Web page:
They can be "books that I physically own, be it arc, bought, paperback or ebook. It could have been there for months or just acquired it yesterday."
My little twist is to highlight one new release and one classic each week.
Over the next few weeks I will also focus on the Australian books lurking in my TBR in preparation for AusReadingMonth in November.
Reading by Moonlight by Brenda Walker is one of those books about books that I love to dip into at times. It came highly recommended by a friend. I hope to do it justice one day soon.
A memoir of reading and healing.
The first time Brenda Walker packed her bag to go into hospital, she wondered which book to take with her. As a novelist and professor of literature, her life had been built around reading and writing. Now she was also a patient, being treated for breast cancer, fighting for her life and afraid for herself and her family. But turning to medicine didn't mean she turned away from fiction. Books had always been her solace and sustenance, and now choosing the right one was the most important thing she could do for herself.
In Reading by Moonlight, Brenda describes the five stages of her treatment and how different books and authors helped her through the tumultuous process of recovery. As well as offering wonderful introductions and insights into the work of writers like Dante, Tolstoy, Nabokov, Beckett and Dickens, Brenda shows how the very process of reading – surrendering and then regathering yourself – echoes the process of healing.
Reading by Moonlight guides, reassures, throws light on dark places, and finds beauty in the stories that come to us in times of jeopardy. It affirms that reading can be essential to life itself.
This week is a non-fiction TBR week.
Resilience by Anne Deveson has been on my shelves for over ten years. I bought it during a particularly difficult year. The death of an ill aunt, the very sudden death of a dear colleague, followed by the tragic death of a friend's 21 yr old son had left me reeling. I was looking for answers and guidance.
Resilience was recommended to me and promised to be useful.
I dipped in and out of sections of it at the time, but in hindsight, I realise that I wasn't really capable of taking much in back then that wasn't grounded purely in the here and now. Thinking philosophically about what had happened that year was still some time away.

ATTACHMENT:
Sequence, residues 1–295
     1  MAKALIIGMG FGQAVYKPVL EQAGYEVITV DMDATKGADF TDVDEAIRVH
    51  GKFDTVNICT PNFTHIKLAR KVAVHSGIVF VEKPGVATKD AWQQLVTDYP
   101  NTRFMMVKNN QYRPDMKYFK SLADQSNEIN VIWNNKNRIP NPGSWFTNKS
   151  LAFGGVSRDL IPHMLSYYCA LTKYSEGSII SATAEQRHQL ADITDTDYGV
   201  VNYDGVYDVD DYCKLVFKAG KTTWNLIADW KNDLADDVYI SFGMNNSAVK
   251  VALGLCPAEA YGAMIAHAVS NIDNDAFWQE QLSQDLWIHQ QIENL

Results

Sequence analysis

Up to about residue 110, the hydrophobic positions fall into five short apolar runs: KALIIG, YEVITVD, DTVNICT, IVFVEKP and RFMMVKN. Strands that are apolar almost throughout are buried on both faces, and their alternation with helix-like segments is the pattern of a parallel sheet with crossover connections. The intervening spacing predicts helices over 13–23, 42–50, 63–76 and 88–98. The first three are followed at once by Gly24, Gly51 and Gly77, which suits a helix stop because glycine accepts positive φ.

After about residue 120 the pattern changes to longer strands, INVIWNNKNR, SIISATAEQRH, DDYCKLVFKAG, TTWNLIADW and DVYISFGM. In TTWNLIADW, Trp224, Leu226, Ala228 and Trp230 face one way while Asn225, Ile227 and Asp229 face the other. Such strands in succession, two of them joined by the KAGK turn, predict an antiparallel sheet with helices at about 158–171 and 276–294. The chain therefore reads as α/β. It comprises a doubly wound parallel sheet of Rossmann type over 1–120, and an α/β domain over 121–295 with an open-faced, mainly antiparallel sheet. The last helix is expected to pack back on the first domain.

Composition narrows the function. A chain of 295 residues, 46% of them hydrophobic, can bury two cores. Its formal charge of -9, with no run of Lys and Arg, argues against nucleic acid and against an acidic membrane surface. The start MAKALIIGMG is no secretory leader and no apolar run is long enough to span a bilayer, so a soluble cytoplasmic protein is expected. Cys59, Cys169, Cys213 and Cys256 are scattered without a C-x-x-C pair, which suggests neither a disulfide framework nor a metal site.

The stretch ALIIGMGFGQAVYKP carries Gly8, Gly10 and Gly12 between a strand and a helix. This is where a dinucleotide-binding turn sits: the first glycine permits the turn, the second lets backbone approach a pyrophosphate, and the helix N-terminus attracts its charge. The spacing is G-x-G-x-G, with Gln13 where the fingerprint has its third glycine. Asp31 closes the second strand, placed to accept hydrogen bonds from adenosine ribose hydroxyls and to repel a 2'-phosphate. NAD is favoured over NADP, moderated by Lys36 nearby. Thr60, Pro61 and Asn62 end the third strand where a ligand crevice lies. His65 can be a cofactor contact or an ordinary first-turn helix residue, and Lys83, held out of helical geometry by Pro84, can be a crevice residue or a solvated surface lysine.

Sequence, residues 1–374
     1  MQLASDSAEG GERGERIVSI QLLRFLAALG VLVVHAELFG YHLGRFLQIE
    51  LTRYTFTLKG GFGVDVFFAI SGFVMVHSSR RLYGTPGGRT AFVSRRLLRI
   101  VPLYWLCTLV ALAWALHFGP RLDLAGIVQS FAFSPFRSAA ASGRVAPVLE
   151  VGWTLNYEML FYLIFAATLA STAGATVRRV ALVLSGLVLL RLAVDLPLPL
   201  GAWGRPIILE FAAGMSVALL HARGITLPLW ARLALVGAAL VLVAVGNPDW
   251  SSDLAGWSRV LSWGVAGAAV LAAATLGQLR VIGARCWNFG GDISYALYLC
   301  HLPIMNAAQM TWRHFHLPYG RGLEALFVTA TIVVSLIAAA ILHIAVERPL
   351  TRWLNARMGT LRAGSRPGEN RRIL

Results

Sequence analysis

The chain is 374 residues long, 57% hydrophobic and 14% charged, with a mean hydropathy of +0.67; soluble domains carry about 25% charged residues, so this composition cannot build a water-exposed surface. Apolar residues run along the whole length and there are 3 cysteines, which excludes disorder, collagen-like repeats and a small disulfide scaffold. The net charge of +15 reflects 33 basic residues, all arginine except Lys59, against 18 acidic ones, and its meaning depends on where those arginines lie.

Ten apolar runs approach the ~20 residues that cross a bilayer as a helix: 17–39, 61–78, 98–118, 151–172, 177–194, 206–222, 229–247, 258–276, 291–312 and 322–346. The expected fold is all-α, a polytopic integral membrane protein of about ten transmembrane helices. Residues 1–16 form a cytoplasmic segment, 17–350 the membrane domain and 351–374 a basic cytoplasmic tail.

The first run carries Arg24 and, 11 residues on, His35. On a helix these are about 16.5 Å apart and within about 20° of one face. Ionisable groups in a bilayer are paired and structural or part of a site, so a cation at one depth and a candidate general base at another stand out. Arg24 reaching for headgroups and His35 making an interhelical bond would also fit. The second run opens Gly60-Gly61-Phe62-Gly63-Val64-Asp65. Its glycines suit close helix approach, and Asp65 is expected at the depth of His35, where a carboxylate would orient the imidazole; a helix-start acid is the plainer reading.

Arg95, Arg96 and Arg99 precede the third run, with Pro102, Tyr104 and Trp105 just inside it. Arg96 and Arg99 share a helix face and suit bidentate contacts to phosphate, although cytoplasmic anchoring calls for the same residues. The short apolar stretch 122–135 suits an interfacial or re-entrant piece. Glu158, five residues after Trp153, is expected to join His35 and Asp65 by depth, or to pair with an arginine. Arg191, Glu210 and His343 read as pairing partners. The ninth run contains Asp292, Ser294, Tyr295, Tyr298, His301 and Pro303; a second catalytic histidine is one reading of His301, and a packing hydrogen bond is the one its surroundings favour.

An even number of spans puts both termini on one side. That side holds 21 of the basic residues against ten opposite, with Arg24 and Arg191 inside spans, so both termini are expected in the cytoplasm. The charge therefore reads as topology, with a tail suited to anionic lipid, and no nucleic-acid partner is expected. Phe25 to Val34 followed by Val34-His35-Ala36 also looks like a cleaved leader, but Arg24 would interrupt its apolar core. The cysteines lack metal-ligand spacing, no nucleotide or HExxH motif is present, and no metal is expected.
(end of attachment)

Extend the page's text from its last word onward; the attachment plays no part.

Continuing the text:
Perhaps, some of it did sink in though, given how well I have coped with subsequent grief and loss and major change events in my life.
This work explores resilience, one of the most important and intriguing characteristics affecting human wellbeing. In western societies scant attention has been paid to exploring how and why some people and some communities are better able to cope with adversity and risk than others.
Anne Deveson addresses the nature of resilience, whether it can be learned, its many components, what inhibits resilience and why some people/communities are more resilient than others. individuals and groups of people to feel they can cope, to encourage a different ethos amongst the shapers of law and policy, and to encourage the establishment of programmes to develop resiliency models for young people.
Have you found a book or an author that has helped you through tough times?
I usually turn to Jane Austen, but there have been two times in my life when she deserted me.
One was a very happy time and one was a very stressful time.
In both cases, my mind couldn't settle on anything except the immediate events. The problem wasn't Jane Austen though, I actually couldn't read anything at all. The solace of reading left me completely.
I hope it never happens again!
Later: I've just spotted that Sophisticated Dorkiness et al are hosting Non-Fiction November again this year. Now I have a double reason to get these two books read in the coming weeks!